And I, too, was walloped by Bleak Mouse's quiet reappearance -- on CP's blog!
CP, I think that 15 books we wish we had NEVER read would be tough, at least for me. I tend to abandon a book if the first 80-100 pages don't grip me. WP must be a true slogger, going to the end of even the least rewarding book. My hat's off to him!

K, thanks for the note. I'd read "Reuben, Reuben" and also enjoyed it. The crown jewel, IMHO, in DeVries' pantheon is "Blood of the Lamb". While I love most of his other books, I don't think he's ever as gritty and as toothy as in BOTL.

WP, How many books were pushing their way into that last #15 slot for you? Most of the 15 minutes seemed to be involved with picking the last straggler, for me at least.
There were six books vying for the #15 spot, and none of them were Mr. Crowley's. Embarrassing, that. But I generally approve of time constraints like this one.

I liked your Steinbeck inclusion, too. A bigger writer than Hemingway, really. When I was in University the guys I hung around wanted to write the next The Sun Also Rises. But Steinbeck's grand vision was ... grand. And his readers are the better for it.
I'm with you completely re. the Steinbeck v. Hemingway comparison.
Though I've read 3-4 of Hemingway's books, I never understood the hype. With the exception of "Old Man & the Sea" which I did find amazing due to the tiny, tiny stage that the book and the two main characters(one of which was pretty much dead through most of the book and only spoke in Piscine) that Hemingway successfully worked on, none of his books carried the heft of Steinbeck's.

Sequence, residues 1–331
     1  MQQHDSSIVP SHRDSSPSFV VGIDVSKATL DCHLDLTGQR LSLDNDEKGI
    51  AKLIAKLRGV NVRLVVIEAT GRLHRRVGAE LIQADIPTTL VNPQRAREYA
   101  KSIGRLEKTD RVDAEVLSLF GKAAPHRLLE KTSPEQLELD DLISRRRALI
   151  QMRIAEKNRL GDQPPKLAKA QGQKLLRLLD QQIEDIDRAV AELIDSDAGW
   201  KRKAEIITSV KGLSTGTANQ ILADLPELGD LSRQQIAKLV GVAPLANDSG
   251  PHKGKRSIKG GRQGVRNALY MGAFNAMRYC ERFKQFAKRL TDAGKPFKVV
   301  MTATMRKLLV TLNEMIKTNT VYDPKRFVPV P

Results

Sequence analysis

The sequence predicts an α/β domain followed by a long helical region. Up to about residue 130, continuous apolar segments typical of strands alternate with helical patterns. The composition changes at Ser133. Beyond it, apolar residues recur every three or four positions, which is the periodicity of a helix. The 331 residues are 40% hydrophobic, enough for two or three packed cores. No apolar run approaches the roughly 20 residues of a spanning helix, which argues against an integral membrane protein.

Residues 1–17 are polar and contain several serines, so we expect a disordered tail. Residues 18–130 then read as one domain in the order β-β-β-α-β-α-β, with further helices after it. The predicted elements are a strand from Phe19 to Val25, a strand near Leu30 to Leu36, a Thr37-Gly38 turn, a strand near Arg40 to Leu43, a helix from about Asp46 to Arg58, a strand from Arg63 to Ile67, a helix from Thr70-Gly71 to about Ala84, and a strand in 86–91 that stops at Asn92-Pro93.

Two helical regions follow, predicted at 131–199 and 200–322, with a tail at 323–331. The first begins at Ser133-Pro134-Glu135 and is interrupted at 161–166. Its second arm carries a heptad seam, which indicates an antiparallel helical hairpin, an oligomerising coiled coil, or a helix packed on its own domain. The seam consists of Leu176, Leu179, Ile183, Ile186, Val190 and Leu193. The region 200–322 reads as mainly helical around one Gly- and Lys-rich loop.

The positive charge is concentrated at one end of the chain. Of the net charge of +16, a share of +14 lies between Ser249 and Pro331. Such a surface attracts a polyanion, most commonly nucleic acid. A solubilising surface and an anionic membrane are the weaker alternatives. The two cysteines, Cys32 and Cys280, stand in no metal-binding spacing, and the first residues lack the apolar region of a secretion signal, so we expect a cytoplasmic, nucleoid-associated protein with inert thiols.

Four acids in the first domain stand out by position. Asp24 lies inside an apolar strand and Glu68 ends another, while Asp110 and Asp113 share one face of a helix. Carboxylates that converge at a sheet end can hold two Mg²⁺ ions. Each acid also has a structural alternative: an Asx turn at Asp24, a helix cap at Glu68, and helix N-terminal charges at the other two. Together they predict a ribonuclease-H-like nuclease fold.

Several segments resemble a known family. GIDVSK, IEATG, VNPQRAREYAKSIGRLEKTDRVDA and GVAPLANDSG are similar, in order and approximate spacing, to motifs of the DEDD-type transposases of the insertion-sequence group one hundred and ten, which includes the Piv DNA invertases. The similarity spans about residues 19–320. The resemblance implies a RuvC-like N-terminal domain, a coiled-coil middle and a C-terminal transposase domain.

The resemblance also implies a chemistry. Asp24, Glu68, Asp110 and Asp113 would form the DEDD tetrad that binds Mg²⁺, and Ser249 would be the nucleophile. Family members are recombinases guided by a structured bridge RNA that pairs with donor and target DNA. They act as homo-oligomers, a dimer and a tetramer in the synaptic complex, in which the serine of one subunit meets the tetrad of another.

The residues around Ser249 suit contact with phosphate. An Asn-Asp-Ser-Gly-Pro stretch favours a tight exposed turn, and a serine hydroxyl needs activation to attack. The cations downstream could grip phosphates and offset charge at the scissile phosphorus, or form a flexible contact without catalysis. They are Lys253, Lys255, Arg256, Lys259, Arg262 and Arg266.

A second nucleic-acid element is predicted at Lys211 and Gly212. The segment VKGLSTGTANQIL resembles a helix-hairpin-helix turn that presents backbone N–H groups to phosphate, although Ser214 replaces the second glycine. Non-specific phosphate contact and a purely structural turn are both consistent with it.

Steinbeck was the man.
...and, please (I'm serious) what have I missed about Fitzgerald!? Another tortured soul writer, or something else?
Darko, as a Fitzgerald lover, I'd argue that no other American writer of the 20th C. could put words together like him ("the silver pepper of the stars"). Having said that, there's no question that his rep comes down Gatsby, the first part of Tender Is The Night, The Last Tycoon, and some of the short stories.

Gatsby, to me is the quintessential American novel, especially in the way it addresses the illusions of wealth and class. The Grapes of Wrath looks at the same issues from the other end, and I won't argue with anyone who prefers it.
Thanks, again, for dropping by. I certainly won't argue with a Fitzgerald lover....but your note that no other American writer of the 20th C. could put words together like him, prompts me to list the (better) alternate of Mr. DeVries or (and here I stretch, mightily and with no malice intended to Canadians coming to this site) Mr. Michael Ondaatje (one of whose books I should have listed in the "15 in 15 minutes" list).

But one can't (and shouldn't) argue with another's love, so I'll thank you again for dropping by
You're right: It's pointless to debate another's love, especially when they're all so deserving! Hope to see you on Citizen K.!
P. S. I like your music selection. They inspired me to break out my Booker T. and the MGs box set! I'll post a video of them tomorrow.